Brazil Celebrates Pessoa. Woe the Poet!
In the last decades, literature studies have been the major propeller— not in literature—for tourism. A large literary conference is always a party for airlines, travel agents, and hotel and restaurant businesses. The one to profit the least is literature itself; after all, conferences generate a lot of hullabaloo and zero literature.
by Janer Cristaldo

Brazil's Latest Fad: the Narghile
The table pipe, which is very appreciated in the Arab countries, became popular in Brazil during the last three years. Today the narghile has become a way to lure Brazilian youths to the hip bars, and is used by many, not only Arab immigrants descendants. Importer Maxifour alone sells up to 300 units every month.
by Isaura Daniel

Arabs Love Brazil. They Are 7% of the Country.
They started arriving in Brazil in the nineteenth century. In their luggage was a great desire to work and dreams of riches. Today the Arabs, their children and grandchildren total 12 million people. Their culture, customs and entrepreneurship can be seen in the Brazilian industry, cuisine, music, and vocabulary.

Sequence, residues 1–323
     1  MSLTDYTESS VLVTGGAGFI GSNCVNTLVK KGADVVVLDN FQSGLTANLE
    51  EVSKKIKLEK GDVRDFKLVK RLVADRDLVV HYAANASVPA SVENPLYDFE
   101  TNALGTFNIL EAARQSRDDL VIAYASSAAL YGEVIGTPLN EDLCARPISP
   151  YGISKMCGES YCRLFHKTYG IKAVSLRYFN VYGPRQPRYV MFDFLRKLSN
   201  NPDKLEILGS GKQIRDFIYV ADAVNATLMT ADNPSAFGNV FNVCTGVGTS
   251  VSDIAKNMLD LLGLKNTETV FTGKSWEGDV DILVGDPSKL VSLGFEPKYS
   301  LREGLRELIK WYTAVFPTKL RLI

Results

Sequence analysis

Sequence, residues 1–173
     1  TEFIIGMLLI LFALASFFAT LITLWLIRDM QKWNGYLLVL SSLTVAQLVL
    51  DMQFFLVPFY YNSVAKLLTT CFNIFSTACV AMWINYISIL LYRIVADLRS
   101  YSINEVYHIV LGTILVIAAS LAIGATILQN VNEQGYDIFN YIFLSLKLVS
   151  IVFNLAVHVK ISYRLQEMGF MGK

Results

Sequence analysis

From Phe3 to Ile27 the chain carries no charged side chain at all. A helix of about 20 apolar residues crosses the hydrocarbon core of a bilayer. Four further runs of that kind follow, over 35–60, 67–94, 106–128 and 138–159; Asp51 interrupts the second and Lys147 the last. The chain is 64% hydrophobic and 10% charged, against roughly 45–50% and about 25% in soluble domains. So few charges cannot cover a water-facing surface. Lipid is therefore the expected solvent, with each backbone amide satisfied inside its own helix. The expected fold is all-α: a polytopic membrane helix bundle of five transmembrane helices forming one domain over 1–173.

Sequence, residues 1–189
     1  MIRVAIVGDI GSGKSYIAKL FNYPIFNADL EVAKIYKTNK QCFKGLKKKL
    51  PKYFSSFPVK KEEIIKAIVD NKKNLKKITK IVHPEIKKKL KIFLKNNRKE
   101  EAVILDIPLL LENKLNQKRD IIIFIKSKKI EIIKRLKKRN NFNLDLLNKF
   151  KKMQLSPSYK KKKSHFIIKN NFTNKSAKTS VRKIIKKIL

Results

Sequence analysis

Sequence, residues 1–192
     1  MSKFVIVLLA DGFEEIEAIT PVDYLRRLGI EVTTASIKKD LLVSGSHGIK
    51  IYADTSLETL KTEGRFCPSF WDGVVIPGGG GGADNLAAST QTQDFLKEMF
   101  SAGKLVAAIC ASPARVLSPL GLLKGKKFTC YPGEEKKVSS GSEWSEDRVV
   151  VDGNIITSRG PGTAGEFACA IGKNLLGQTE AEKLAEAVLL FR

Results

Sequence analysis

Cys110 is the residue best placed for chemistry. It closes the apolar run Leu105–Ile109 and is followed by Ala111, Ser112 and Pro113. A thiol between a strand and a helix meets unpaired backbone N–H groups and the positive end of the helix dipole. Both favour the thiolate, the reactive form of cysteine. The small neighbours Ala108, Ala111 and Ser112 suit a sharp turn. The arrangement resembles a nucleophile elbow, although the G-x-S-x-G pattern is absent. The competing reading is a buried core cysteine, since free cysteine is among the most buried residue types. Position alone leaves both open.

by Marina Sarruf

Why Can't Brazil Stand Up to Bush?
Brazil's so-called Shoot Down Law was approved seven years ago by the Brazilian Congress, but it was never enforced because the US would not permit. By way of an imperial gesture, US president, George Bush, is now allowing Brazil to shoot drug-carrying planes as if he were dishing out a handout to a hobo.
by Carlos Chagas

Brazil May Be a Country, But It's Not a Nation
In order to be a country, only a territory and a president are needed. To be a nation, what is needed is a long-term project that unifies all the inhabitants. The small number of medals won in Athens and the many violent deaths in our streets originate from the lack of a project to build a winning and integrated Brazil.
by Cristovam Buarque

Can't Brazil Leave the NY Times Alone?
On giving in to the temptation of again confronting the powerful New York Times, the Brazilian government is issuing an affidavit that the Federal Council of Journalism is its own initiative, and not the journalists'. Brazil's National Federation of Journalists has behaved as a Brasília's godchild throughout this episode.
by Alberto Dines

Brazil Sounds: Stalking Veloso and Gil's Ghosts in London
During the years Brazilian composers Caetano Veloso and Gilberto Gil spent in London they lived in several different addresses. But it is the first house, the one in which Veloso and Gil lived in together which Veloso still recalls: "The recollections of the house in Chelsea, the inside of it, are more enduring than those of the other houses."
by Guy Burton

Brazil's Monica Gang to Take On the World